For more than 15 years, the Home Office and Crown Prosecution Service have instructed police to avoid criminalising extremists, but to focus on “public safety” and “community policing” – the former means practically separating extremists from their victims, while the latter means practically being nice to self-segregated communities in the hope that they self-de-segregate. This strategy undermines the rule of law and allows for more extremism, illustrated by widely-circulated video of police literally running away from Islamist protesters who called them “cowards” and “unbelievers.”
The British Government has long pretended also that counter-extremism is peculiarly constrained by human rights (even while it evaded human rights by out-sourcing to foreign jurisdictions and hiding behind secrecy on national security grounds). All crimes, not just terrorist offences, are constrained by human rights, but that doesn’t mean we give up the rule of law. For instance, we all have the right not to be detained without cause, but that right should not prevent our detention when we commit a crime; we all have the right to free speech, but that right ends at incitement to violence.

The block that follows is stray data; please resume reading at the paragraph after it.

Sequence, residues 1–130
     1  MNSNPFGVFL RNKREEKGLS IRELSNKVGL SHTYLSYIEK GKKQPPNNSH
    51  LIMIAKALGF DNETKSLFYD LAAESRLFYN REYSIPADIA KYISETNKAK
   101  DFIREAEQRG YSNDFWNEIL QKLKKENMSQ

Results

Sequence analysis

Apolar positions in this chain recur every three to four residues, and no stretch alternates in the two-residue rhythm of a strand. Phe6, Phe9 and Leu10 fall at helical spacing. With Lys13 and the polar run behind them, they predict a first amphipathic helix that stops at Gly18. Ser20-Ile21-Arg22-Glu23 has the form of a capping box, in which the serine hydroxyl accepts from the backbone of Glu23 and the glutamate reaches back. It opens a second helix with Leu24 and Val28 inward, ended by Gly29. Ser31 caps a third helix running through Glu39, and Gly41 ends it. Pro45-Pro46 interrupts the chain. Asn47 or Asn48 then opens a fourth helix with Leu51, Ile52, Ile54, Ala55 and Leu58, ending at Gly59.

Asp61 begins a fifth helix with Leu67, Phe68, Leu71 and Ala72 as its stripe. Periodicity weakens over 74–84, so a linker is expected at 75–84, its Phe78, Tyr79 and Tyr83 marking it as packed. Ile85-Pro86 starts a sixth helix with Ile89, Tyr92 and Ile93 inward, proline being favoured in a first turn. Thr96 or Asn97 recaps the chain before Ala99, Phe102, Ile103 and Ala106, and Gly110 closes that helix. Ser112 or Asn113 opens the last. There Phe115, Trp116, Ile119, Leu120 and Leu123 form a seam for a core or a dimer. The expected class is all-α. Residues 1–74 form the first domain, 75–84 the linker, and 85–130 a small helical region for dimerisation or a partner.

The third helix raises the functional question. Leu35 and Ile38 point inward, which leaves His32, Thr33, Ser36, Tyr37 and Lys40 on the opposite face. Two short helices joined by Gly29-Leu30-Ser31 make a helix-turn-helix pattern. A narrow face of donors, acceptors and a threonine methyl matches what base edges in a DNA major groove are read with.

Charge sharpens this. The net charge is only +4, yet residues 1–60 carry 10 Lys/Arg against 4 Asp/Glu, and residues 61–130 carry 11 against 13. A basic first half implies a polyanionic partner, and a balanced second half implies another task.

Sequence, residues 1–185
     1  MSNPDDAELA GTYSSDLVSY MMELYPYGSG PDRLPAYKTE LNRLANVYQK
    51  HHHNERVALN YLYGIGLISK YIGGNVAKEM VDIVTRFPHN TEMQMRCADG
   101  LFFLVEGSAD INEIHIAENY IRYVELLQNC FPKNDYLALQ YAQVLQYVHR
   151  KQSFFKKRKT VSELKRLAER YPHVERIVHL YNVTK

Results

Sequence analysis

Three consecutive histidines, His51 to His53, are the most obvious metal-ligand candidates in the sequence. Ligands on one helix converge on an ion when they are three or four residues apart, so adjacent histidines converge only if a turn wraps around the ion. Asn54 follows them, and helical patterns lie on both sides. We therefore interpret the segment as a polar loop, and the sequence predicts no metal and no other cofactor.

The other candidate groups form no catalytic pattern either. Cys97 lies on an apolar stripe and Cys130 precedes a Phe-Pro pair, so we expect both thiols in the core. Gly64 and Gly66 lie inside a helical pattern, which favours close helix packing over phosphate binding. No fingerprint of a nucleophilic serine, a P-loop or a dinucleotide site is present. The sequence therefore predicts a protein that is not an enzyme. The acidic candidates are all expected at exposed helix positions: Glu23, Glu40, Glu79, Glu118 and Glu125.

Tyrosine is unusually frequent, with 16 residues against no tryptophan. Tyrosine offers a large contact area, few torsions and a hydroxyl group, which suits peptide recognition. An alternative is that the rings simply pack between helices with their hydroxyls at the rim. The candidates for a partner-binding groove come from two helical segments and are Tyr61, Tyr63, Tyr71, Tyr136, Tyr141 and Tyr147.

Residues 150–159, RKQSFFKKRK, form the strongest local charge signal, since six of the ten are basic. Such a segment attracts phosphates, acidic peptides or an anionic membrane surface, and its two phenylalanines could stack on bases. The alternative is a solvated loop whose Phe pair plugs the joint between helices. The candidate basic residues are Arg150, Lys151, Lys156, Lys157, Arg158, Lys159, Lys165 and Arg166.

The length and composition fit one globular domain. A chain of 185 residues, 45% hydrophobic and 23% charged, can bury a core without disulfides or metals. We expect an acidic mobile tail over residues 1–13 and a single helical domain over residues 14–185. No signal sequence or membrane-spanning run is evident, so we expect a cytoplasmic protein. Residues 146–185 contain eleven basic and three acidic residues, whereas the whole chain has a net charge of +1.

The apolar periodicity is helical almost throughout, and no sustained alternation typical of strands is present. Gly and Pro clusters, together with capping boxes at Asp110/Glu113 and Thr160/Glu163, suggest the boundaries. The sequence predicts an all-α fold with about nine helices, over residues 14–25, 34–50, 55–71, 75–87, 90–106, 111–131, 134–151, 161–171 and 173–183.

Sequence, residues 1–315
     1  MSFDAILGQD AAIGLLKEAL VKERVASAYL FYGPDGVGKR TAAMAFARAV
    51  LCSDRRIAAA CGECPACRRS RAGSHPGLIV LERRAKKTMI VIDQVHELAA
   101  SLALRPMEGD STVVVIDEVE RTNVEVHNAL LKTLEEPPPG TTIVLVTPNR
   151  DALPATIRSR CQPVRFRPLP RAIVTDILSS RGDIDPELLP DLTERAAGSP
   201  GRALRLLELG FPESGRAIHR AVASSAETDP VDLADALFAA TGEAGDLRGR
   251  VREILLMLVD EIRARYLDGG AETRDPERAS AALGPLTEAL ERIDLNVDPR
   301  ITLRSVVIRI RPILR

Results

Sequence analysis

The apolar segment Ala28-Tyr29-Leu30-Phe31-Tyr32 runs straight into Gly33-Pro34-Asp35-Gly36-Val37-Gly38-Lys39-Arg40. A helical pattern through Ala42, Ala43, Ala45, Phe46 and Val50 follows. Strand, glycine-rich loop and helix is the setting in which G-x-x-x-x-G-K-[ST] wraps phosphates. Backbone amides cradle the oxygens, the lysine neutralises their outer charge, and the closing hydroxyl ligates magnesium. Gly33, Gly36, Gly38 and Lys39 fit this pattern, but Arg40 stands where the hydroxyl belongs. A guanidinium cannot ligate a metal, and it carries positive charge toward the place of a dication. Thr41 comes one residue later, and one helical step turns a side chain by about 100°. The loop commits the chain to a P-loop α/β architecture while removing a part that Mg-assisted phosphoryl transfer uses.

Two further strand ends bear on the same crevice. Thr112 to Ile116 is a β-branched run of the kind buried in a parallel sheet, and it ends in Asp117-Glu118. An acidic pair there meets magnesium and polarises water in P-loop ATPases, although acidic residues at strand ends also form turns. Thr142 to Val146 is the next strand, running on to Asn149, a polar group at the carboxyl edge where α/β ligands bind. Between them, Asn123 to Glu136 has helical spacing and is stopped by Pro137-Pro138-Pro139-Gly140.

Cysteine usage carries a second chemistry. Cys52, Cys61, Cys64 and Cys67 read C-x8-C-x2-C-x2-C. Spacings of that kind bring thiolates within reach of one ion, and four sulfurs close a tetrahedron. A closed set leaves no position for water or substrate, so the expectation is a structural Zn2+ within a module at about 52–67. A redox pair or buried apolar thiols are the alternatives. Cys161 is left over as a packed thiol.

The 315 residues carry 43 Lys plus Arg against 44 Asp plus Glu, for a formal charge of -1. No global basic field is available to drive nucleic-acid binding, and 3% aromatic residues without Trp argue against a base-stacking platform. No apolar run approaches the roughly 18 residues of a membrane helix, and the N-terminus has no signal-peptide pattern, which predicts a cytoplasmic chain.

Blair’s administration extended to terrorism its promise to be “tough on crime, tough on the causes of crime,” but often suggested that crime was caused by society, not the criminal. Even today, popular culture sometimes treats terrorism as society’s fault. Thus, British reporters were quick to explain Adrian Ajao’s (Khalid Masood’s) murderous spree on Westminster Bridge in March as triggered by “racism” – the same excuse that his defence counsel made for non-terrorist violent crimes stretching back 35 years.